ØR: Is there really a market for catalogues for the whole world? Take some parts of Africa as an example, where there are issued hundreds and hundreds of stamps and blocks every year. Is there really so many collectors also for countries like these to make it worthwhile to publish new editions?
MICHEL: Yes, there is. Of course, certain countries are more collected than others, but you will find a collector for every country under the sun and for every theme you can imagine. This we learned over time, and the interests of our customers sometimes surprise us. But you can see that some catalogues have more editions than others, so for some countries you have a greater
time span between editions.
ØR: Are there parts of the world now which is more popular as collecting-fields than before? Are there international trends among collectors, and especially among all the new collectors
that have found there boy/girl-collections again because of the pandemic?
MICHEL: Altogether you can notice the trend to topical collecting, while there are less collectors of countries than before. There still is the well-known trend to start with collecting the stamps of one’s own country. Asian countries are still growing in importance, which is not surprising. About half of mankind lives there, and many of them have money to spend on their hobbies. The pandemic had a rather huge side effect on leisure activities. The interest in philately grew stronger while outdoor and social activities decreased. Sure enough, we counted a lot of new customers
in our online shop.
ØR: Together with the country-catalogues you are publishing lots of other catalogues. Everything from chess to zeppelins and Ganzsachen. How many catalogues like these are there a market for? And which one of them are the most popular if you look at the sold copies?
MICHEL: Zeppelin and Postal Stationary are really in demand and among our best-selling titles. Our book about the German Army Postal Service in WW2 is also very popular. The demand of topical catalogues depends a lot on the topic of the particular titles and is therefore variable.
ØR: Are there collecting-fields in our hobby where you still have not published a catalogue, or are you covering every possible part of our hobby now?
MICHEL: There are more possible stamp collections than there are people on earth. There truly is a collector for everything you might imagine. And because of the limits of our imagination at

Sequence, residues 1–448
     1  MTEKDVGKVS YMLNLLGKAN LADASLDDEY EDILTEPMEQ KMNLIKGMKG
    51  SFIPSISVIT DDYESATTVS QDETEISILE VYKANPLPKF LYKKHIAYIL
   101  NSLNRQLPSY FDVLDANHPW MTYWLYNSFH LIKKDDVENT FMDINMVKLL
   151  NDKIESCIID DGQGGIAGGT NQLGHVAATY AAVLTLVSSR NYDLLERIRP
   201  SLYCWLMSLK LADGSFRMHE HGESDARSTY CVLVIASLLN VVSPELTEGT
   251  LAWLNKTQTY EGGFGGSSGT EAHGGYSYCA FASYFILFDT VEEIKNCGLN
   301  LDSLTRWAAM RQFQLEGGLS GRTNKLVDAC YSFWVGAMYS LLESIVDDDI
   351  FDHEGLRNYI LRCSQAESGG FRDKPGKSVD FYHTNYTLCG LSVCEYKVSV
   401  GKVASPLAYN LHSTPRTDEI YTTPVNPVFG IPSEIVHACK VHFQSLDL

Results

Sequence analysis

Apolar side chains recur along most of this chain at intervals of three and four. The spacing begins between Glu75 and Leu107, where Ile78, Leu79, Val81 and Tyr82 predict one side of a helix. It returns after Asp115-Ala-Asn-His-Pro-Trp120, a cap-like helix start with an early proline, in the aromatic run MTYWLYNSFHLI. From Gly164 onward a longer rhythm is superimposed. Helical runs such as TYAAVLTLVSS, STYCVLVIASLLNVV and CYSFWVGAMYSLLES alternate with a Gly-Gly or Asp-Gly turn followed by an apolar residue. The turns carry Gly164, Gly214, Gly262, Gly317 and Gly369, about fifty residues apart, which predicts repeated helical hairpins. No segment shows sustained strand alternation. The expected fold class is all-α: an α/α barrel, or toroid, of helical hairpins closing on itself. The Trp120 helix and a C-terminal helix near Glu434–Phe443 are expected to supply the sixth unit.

MICHEL, we developed the customizable MeinMICHEL. This product is Printed On Demand and contains only the very stamps that are desired by an individual collector. You can pick stamps from all over the world for this custom-fit catalogue. This way you can assemble your own MICHEL for your own individual collecting needs.
ØR: Splitting up Europe in 16 catalogues must have been a major step for Michel? What was the most important reasons for that, and how has the market reacted?
MICHEL: The most important reasons were the growing thickness of the seven volumes and therefore the diminishing convenience in handling them. Over the years the volumes became very unequal in the number of pages, too. With the split-up we followed the wish of our customers for more manageable and fitting volumes that are even lower priced than before.
ØR: If you look into the future, do you see that some Michel-catalogues only will be published on the net, not as printed catalogues?
MICHEL: The online trend has surely reached the philately. There are more online marketplaces for stamps than ever. Whereas MICHEL has reached major expertise, we are always developing
our online catalogue to satisfy even more of our customer’s needs. Ten years ago people predicted the death of all printed books for this time. Now we know that the new publishing forms are no longer replacing the old ones but extending them. Therefore printed books are unlikely going to disappear completely. And for that reason we are willing to publish today and in future every way that our customers want – print and online.
Please note: Released from MICHEL (Schwaneberger Verlag GmbH) for reprint with indication of the original place of publication: Øyvind Refsnes, Norsk Filatelistisk Tidsskrift, No. 3/2022.